Okay. That is great to know. Before we got started and we were talking about these things, you mentioned that pinworm is another worm that people can see in their goats’ poop. Now, how do you know that you’re seeing tapeworms or pinworms? Pinworms are smaller? How much smaller?
Anne Zajac 22:32
Okay, so pinworms, they don’t show up very often in manure. And, probably, you’d only notice them if there were a bunch. Because they, too, are very small—only about a 1/4 of an inch in length. And they have pointy ends; they really sort of satisfy our idea more of what a worm looks like. And, if you’ve ever seen human pinworms, they look very much like that. But I want to be absolutely clear—make sure this is one thing everybody goes away with—that the sheep and goat pinworm is not the same as the human pinworm. You cannot get pinworms from goats. You can’t get pinworms from anything other than another person. So, the little sheep and goat pinworm, this little, tiny, white, wormy-looking thing, if there are a number of them in a fecal pellet, you might notice them—they cause absolutely no problem. Pinworms in people can cause a lot of irritation and itching, and in sheep and goats, they don’t seem to cause anything like that. It’s just another one of those worms that’s there. And we don’t see those in a fecal sample. So, you’ll never get a report back on a fecal sample that says it has pinworms in it, because, similar to the human pinworm, the female worm crawls out of the anus and lays its eggs—sticks its eggs to the skin—right around the anus. Right? So the eggs are never in the manure; they’re stuck to the skin. And then, gradually, they kind of—as the goat does its thing moving around—the eggs kind of gradually come off the skin. They’re released into the environment. And they can get kind of stuck on other surfaces, and then just, gradually, animals ingest them. So another very common, but completely unimportant, parasite.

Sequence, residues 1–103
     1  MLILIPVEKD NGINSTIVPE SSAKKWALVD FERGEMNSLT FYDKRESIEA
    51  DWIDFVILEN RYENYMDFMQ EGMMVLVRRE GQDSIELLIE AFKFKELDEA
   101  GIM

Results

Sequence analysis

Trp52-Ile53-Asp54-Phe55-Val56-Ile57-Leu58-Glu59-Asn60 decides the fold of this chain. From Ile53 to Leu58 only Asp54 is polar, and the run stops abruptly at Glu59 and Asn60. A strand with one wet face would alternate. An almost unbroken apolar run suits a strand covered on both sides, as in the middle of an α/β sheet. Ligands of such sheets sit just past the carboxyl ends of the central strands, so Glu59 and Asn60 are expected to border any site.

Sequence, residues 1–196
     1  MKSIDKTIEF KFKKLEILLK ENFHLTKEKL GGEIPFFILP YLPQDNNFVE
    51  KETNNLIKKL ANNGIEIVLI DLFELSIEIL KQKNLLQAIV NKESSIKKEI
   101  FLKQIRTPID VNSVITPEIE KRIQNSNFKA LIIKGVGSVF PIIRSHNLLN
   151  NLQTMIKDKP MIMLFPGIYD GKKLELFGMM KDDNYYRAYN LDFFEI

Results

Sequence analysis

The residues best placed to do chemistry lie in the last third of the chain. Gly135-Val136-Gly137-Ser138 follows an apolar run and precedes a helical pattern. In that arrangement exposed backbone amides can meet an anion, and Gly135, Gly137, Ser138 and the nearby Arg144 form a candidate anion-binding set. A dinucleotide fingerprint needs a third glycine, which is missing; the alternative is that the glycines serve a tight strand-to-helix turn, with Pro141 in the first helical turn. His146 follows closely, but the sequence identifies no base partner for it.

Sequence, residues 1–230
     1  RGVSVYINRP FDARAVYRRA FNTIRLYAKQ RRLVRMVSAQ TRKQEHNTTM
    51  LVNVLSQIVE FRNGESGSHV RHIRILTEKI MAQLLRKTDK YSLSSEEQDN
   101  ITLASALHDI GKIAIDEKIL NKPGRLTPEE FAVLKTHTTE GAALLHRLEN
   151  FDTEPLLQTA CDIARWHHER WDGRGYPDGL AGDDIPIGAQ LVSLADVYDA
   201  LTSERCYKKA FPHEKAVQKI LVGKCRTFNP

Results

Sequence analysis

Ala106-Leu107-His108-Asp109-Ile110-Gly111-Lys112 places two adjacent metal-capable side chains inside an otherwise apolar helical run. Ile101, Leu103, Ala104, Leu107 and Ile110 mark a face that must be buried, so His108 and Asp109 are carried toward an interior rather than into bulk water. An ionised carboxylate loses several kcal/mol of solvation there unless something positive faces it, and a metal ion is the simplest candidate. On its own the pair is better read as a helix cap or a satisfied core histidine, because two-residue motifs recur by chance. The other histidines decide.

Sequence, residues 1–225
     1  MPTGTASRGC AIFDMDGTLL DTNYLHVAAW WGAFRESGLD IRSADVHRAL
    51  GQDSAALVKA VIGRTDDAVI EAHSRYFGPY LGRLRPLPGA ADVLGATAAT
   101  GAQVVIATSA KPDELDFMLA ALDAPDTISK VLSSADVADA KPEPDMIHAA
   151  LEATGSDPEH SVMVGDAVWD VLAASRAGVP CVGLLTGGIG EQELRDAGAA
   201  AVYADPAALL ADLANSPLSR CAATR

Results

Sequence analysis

Deborah Niemann 24:39
“Common but unimportant” might be a good name for this episode.
Anne Zajac 24:43
That’s right! That’s exactly right. And, I think, this episode is for the people who just like to know, I think, and appreciate that there’s a whole, kind of, universe of stuff going on around there—out there—and that you don’t have to be concerned about. And I think it is good to know a bit about things that you don’t have to be concerned about. Because sometimes they pop up.